The CARD Act implemented a number of different rules regarding the fees and interest rates that credit card companies are allowed to charge and the procedures they must follow regarding changes to an account fee or interest rate structure. They include:
- 25% Cap on First-Year Fees: Credit card companies cannot charge fees totaling more than 25% of a credit card’s credit line during the first year an account is open. This change applies mostly to people with limited or damaged credit, who were previously being taken advantage of.The rule does not, however, apply to fees that issuers may charge PRIOR to opening an account. Certain issuers have used pre-account-opening processing or registration fees to circumvent the spirit of the law and overcharge consumers who have few available options.
- Limitations on Interest Rate Changes: A credit card company can no longer increase a credit card’s interest rates during the first 12 months the account is open, unless you become 60 days delinquent on payment or a low-interest-rate introductory term concludes (though it must be in place for at least six months). Thereafter, increased interest rates can only apply to new transactions, unless you become 60 days delinquent, in which case the higher rate can apply to existing balances as well.
- Proportional Penalty Fees: The CARD Act significantly reduced the amount that consumers end up getting charged for over-limit transactions and late payments. Starting with the former, card holders must now opt-in for the ability to spend above their approved credit limit, and issuers are only allowed to charge one over-limit fee (which cannot exceed the amount by which you go over your limit) per billing cycle. So, if you’ve opted-in for the ability to go over limit and your coffee takes you $1 above your credit limit, the fee will only be $1 and not $35 as it would have been in the past.A similar change has been enacted for late fees as well. Prior to the CARD Act’s passage, you could be charged up to $39 for paying late. Now, late fees are capped at $25 and issuers cannot charge a fee larger than the minimum payment that was missed. There are two important caveats to this, however. Your late fee can be as much as $35 if you’ve missed one of your last six payments, or even higher if the issuer can prove that the costs it incurred as a result of the missed payment exceed the maximum allowable fee.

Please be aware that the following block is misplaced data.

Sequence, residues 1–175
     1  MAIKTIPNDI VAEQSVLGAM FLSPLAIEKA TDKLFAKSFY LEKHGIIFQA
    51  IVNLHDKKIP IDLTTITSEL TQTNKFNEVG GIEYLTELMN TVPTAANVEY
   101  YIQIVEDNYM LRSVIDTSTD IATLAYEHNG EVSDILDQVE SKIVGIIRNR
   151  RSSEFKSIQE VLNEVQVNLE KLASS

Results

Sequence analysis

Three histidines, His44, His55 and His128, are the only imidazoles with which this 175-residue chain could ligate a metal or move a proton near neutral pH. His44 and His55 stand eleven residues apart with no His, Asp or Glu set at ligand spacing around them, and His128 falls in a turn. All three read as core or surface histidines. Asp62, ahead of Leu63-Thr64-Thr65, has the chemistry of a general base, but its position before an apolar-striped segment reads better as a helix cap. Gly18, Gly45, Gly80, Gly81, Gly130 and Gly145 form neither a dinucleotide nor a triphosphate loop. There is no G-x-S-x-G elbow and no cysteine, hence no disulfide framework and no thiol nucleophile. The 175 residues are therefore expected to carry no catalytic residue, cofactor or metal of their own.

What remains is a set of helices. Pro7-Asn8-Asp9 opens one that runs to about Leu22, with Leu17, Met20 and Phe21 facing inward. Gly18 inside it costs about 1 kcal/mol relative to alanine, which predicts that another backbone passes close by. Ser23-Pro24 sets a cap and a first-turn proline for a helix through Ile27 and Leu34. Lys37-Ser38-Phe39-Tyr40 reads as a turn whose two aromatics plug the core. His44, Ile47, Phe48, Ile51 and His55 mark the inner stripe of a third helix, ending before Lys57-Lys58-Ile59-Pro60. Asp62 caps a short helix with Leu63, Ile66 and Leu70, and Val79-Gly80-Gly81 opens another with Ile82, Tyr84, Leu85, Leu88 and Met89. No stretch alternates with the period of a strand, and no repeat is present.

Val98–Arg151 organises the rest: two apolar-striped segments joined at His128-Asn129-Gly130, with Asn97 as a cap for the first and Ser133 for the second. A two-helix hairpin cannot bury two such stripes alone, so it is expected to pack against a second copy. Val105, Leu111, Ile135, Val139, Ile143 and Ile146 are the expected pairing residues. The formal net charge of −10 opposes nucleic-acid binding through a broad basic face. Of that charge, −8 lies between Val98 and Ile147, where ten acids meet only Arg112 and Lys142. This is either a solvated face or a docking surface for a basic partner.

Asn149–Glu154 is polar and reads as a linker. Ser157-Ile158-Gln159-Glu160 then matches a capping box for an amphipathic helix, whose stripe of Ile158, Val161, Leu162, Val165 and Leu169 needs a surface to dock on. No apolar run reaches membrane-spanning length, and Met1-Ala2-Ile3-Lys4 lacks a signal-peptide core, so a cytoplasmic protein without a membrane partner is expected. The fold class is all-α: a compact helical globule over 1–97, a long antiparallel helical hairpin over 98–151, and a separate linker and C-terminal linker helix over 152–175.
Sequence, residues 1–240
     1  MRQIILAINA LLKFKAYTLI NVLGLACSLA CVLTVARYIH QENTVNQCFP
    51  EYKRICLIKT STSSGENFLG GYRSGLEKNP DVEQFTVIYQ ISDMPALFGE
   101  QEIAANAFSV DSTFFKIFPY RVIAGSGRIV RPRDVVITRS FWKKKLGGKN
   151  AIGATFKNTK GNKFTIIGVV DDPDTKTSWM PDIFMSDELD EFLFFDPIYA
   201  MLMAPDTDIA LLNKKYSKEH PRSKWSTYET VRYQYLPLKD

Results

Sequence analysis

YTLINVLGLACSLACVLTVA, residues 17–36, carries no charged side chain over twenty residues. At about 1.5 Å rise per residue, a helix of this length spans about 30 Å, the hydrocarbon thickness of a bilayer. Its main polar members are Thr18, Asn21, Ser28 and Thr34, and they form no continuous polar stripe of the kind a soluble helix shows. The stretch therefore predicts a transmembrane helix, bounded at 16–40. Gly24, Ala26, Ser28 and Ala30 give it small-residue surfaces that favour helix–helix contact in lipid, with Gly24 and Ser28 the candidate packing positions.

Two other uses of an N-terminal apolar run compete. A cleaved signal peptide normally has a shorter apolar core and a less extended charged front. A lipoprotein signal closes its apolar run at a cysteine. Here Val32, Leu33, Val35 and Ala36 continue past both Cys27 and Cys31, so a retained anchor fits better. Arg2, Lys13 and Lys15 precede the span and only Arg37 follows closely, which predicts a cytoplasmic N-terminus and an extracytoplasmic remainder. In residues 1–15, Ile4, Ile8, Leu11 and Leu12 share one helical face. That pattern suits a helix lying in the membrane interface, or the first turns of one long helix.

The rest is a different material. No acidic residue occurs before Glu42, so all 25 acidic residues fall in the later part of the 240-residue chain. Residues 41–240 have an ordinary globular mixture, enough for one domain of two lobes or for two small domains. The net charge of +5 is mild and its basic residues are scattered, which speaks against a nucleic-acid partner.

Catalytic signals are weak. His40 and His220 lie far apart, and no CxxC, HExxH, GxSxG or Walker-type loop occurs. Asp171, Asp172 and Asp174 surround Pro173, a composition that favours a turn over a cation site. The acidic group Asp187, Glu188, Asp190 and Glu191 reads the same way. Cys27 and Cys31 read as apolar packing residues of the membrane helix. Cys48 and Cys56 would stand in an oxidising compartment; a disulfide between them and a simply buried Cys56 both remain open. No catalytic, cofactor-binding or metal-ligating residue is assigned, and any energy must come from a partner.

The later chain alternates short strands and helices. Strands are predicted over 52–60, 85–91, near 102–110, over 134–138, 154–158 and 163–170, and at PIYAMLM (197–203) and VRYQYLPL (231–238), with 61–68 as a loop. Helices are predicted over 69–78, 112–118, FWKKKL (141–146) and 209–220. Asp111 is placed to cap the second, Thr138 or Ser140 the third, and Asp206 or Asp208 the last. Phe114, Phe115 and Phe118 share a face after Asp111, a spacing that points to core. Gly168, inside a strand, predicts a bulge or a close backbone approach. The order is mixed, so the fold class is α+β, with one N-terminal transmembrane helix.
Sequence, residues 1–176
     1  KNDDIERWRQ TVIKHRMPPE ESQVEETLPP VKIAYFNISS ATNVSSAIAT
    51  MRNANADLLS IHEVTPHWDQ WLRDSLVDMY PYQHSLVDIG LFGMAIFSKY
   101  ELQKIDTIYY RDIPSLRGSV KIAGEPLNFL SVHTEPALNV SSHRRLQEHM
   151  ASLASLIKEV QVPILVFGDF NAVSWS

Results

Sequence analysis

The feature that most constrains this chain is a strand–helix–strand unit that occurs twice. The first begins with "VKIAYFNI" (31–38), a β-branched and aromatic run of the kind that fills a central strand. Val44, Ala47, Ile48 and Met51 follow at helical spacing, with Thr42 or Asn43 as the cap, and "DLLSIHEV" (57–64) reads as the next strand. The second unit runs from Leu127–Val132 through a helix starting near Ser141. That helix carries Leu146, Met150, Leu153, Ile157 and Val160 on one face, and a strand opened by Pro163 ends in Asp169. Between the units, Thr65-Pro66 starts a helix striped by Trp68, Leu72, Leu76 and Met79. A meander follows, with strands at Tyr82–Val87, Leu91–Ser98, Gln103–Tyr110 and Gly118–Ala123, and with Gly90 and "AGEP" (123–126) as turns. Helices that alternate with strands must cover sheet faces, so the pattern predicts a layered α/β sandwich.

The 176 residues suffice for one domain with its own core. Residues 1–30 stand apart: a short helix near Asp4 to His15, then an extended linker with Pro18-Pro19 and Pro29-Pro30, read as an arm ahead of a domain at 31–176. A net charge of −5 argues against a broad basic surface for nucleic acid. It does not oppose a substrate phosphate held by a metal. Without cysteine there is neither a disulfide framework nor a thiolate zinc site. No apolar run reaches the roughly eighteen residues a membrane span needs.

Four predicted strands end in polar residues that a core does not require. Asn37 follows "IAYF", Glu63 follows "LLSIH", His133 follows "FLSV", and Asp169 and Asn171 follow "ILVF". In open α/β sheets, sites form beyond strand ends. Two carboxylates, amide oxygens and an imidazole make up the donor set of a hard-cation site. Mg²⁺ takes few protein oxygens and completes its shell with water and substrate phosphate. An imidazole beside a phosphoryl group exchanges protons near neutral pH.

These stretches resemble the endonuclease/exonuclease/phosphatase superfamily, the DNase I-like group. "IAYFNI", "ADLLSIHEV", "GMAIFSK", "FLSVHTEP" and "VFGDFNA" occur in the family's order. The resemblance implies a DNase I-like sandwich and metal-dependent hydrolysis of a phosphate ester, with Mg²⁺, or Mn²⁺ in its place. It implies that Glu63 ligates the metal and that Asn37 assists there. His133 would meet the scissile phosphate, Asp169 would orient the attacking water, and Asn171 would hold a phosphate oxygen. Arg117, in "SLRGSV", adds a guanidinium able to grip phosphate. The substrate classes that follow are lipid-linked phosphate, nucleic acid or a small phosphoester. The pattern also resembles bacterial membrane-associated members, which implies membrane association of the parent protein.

- No Inactivity Fees: Credit card companies are no longer allowed to charge you fees for not making purchases or other transactions over a given time frame.